Now that the incoherence of the ATF rules has been established, I submit the "Trinary" trigger @Mike in Texas proposes is less of a machine gun than the binary trigger. Why? Each "shot stage" can be controlled by a single pull. You want one shot, pull to the one shot stage. You want two shots, two pulls - the first to the one shot stage, the second to the second shot stage. Three - the third single pull to the three shot stage. In other words, the trinary trigger has three discrete single functions stacked on top of each other. The binary will fire upon release.

As long as the pulls are discrete and controllable (i.e, can't do a 30 round mag dump with 30 "micro pull" stages), I don't see how a trinary trigger is a machine gun.
Bump stocks are not machine guns even by the ATFs' definition of auto and semi auto. It fires one round per trigger pull.
 
  • Like
Reactions: Bad Bob

·
Registered
Joined
·
9,991 Posts
As you noted binary and the like are not legally as of right now full auto as they only fire one round per trigger pull ( and well relse ) meaning legally the trigger is use per each shot ... A three round burst etc would def make it a full auto .. And I dont think there is a way to make a semi auto trigger stay semi auto and get off three shots in a semi auto only manner at least saftly .
 

·
Registered
Joined
·
10,372 Posts
Legalities aside, is it even doable? The time that it takes for me to squeeze the trigger is less time than it takes for the action to cycle 3 times.
 

·
Registered
Joined
·
12,650 Posts
To be quite honest, I don't see how bump stocks are classified as "machine guns" while binary triggers are not:
Because the Las Vegas shooter did not have any binary triggers, but he did have bump stocks, although we don't know if he actually used them in the shooting. And Trump did not order the ATF to exceed their authority and ban binary triggers like he did bump stocks, even though ATF testified before Congress three times they did not have the authority to do so.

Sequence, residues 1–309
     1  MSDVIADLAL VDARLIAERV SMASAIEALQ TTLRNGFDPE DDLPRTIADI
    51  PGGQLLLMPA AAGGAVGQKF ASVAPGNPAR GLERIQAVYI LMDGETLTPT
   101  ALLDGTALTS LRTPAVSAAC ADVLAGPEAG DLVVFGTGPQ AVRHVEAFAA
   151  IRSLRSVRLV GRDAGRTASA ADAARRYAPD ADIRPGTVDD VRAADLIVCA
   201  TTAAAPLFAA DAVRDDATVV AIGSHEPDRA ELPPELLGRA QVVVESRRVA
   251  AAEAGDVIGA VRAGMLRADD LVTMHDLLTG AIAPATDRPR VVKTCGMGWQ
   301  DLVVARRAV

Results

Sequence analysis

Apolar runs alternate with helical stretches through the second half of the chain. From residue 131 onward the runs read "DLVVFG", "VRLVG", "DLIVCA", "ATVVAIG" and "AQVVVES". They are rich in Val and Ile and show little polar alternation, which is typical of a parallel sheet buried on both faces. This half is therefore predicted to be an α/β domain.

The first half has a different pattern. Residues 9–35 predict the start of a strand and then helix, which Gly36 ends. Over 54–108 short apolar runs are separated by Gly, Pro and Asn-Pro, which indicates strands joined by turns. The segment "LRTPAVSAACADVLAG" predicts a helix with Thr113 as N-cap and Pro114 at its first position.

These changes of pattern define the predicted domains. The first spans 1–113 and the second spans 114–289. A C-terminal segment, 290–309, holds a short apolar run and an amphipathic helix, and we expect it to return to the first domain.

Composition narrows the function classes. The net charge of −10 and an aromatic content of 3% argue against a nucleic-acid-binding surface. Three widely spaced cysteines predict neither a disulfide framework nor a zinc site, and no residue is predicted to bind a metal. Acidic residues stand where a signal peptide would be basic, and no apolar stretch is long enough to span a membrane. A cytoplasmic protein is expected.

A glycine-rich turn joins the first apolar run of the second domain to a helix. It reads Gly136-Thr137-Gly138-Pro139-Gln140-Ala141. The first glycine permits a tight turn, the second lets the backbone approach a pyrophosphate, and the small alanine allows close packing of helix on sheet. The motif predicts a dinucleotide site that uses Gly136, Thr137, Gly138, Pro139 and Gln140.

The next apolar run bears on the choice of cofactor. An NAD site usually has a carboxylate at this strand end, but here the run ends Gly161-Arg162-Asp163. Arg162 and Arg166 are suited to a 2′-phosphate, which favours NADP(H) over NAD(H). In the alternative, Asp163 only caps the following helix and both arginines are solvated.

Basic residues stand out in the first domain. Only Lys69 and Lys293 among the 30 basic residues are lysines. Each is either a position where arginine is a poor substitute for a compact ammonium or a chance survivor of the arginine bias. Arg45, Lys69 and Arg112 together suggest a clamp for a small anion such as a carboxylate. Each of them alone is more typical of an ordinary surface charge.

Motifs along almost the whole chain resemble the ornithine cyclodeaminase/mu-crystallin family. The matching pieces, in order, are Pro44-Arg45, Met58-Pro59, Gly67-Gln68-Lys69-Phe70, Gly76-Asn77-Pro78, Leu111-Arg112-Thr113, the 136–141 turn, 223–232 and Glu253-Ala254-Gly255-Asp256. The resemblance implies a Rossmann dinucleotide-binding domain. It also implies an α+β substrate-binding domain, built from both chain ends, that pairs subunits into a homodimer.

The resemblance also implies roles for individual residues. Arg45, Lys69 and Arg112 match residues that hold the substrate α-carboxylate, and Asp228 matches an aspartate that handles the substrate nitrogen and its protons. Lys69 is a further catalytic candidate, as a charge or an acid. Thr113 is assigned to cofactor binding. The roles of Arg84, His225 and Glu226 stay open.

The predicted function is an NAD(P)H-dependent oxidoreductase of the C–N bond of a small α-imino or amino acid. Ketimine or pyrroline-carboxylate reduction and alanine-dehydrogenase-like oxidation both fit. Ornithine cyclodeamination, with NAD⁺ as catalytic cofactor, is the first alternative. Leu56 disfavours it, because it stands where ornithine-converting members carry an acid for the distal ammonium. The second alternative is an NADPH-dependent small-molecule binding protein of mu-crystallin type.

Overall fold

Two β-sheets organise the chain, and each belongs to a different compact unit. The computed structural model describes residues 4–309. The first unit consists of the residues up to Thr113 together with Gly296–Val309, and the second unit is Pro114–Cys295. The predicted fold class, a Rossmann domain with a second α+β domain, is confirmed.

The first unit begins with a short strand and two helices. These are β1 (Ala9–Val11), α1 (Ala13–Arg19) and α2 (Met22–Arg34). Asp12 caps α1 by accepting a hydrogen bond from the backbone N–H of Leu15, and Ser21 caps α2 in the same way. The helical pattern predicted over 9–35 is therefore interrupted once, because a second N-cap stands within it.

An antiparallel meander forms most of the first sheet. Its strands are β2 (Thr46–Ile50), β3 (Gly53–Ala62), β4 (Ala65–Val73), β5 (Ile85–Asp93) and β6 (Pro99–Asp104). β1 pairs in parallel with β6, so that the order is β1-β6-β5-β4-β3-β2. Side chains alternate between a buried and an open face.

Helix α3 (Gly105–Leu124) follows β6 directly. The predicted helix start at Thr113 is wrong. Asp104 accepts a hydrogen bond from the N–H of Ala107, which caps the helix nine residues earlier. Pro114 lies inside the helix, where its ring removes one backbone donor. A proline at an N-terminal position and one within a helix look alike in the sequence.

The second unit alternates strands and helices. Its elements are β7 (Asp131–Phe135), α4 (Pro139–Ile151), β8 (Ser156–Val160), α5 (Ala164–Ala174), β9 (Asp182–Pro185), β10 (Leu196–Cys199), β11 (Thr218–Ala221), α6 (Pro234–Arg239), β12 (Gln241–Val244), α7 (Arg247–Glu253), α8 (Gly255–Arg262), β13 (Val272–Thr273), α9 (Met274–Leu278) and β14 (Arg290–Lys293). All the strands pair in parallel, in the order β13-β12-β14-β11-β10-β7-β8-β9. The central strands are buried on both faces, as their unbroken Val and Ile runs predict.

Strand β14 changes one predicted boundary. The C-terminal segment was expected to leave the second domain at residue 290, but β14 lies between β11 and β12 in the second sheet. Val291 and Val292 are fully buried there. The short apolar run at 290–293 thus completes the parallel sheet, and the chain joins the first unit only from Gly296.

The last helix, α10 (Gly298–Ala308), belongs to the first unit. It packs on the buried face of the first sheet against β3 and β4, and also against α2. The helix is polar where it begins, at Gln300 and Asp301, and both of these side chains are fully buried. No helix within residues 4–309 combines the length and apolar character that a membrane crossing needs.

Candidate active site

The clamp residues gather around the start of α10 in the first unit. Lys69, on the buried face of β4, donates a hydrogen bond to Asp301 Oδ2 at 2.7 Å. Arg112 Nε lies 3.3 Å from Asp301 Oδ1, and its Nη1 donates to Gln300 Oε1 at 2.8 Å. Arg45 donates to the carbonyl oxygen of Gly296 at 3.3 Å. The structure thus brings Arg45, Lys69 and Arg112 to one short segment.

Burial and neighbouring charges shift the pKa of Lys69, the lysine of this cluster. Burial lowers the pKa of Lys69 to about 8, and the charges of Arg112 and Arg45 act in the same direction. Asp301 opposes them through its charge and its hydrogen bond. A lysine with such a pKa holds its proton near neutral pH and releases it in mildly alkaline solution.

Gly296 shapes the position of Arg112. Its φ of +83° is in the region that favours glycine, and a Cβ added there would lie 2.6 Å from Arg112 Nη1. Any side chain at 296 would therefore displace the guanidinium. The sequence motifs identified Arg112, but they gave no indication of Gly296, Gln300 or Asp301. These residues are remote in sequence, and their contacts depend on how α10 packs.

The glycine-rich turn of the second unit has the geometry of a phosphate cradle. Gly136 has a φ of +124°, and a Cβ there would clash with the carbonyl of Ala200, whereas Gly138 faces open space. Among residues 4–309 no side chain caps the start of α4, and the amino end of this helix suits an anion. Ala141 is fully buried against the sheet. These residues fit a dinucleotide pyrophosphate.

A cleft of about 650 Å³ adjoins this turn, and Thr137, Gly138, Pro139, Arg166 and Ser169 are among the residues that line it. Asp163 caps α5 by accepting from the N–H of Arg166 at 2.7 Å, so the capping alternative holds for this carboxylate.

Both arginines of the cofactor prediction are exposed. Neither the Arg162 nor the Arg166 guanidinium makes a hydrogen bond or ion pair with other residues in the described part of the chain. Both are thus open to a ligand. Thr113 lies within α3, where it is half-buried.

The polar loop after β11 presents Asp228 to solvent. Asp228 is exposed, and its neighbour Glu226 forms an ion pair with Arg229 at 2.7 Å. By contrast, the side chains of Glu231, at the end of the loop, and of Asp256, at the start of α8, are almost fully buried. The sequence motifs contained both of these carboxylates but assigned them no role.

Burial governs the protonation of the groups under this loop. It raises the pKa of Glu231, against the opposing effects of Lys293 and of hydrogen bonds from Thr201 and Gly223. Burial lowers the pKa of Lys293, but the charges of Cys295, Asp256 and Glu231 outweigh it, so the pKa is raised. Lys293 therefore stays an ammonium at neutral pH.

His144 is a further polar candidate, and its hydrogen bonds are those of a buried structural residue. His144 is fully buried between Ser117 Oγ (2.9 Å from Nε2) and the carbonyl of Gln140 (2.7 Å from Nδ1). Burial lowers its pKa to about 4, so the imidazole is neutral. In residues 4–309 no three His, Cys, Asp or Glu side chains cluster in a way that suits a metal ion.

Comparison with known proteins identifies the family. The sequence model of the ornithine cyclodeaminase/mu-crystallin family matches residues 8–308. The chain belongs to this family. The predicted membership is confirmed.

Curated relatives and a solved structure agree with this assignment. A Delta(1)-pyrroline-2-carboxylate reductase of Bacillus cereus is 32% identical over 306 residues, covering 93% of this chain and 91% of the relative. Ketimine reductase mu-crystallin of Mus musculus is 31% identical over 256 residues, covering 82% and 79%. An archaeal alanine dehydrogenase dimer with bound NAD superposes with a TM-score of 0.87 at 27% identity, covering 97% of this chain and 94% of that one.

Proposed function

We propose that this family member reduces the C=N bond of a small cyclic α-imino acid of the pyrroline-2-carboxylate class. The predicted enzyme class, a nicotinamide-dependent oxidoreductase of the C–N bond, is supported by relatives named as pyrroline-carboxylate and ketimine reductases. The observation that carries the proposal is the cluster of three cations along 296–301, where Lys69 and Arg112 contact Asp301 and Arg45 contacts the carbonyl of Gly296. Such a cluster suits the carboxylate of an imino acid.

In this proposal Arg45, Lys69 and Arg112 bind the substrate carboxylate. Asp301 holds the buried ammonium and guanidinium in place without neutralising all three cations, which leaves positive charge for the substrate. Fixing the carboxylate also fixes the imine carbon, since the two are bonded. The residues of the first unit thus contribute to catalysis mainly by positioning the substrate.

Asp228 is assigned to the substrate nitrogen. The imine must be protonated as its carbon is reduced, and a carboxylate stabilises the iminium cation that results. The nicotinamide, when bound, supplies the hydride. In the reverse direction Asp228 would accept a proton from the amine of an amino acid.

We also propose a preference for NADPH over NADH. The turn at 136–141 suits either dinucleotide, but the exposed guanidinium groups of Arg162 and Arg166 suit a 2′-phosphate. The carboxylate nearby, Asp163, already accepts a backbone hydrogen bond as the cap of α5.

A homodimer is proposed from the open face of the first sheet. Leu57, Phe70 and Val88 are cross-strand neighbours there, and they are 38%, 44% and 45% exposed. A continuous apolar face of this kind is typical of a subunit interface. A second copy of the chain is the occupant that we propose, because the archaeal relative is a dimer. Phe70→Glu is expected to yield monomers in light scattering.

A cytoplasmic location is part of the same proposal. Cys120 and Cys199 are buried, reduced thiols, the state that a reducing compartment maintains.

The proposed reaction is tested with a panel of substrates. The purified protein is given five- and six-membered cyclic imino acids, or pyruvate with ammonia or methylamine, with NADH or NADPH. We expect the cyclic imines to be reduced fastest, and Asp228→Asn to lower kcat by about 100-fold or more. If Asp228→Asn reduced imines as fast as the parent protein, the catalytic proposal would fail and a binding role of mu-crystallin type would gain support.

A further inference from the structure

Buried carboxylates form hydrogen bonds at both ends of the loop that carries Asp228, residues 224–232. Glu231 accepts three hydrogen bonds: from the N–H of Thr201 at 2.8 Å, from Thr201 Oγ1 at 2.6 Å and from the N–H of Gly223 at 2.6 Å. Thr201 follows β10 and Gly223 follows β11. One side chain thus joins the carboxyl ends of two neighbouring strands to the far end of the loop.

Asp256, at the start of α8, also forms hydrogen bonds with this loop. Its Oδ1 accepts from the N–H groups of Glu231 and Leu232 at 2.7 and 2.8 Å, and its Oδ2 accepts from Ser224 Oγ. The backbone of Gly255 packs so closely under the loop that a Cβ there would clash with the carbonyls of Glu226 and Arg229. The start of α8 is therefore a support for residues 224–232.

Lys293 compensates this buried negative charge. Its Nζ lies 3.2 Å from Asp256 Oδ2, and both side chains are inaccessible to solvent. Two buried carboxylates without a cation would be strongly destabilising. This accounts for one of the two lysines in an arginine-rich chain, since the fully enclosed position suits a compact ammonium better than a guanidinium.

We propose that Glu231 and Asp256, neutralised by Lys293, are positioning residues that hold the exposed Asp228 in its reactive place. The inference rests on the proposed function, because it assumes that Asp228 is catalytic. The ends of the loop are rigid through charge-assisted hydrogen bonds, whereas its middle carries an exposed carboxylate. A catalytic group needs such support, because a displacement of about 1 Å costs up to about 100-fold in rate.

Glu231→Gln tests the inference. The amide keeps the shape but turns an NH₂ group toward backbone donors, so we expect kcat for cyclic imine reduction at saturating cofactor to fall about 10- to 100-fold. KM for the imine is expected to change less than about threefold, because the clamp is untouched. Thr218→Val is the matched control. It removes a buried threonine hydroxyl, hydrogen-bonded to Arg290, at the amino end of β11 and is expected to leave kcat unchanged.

Now that regulatory "precedent" is being used to ban AR pistol braces and 80% lower builds. All because it has been shown that a president can order the ATF to exceed their authority and they will get away with it in the courts. So the answer to your question is public opinion and Trump. And BTW, I voted for him...twice. But he screwed up on that, big time.
 

·
Premium Member
Joined
·
9,069 Posts
Because the Las Vegas shooter did not have any binary triggers, but he did have bump stocks, although we don't know if he actually used them in the shooting. And Trump did not order the ATF to exceed their authority and ban binary triggers like he did bump stocks, even though ATF testified before Congress three times they did not have the authority to do so.

Now that regulatory "precedent" is being used to ban AR pistol braces and 80% lower builds. All because it has been shown that a president can order the ATF to exceed their authority and they will get away with it in the courts. So the answer to your question is public opinion and Trump. And BTW, I voted for him...twice. But he screwed up on that, big time.

Oh, I completely understand how the ATF arrived at the decision. I'm just speaking from the frame of mind of disinterested interpretation of the rules and statutes.
 

·
Registered
Joined
·
12,650 Posts
Legalities aside, is it even doable? The time that it takes for me to squeeze the trigger is less time than it takes for the action to cycle 3 times.
Jerry Miculek has a YouTube video where he compared firing rate between a bump stock and a regular single action trigger. He was able to outshoot a bump stock using a regular trigger.

The ATF will likely ban Jerry Miculek.
 
1 - 20 of 37 Posts
Top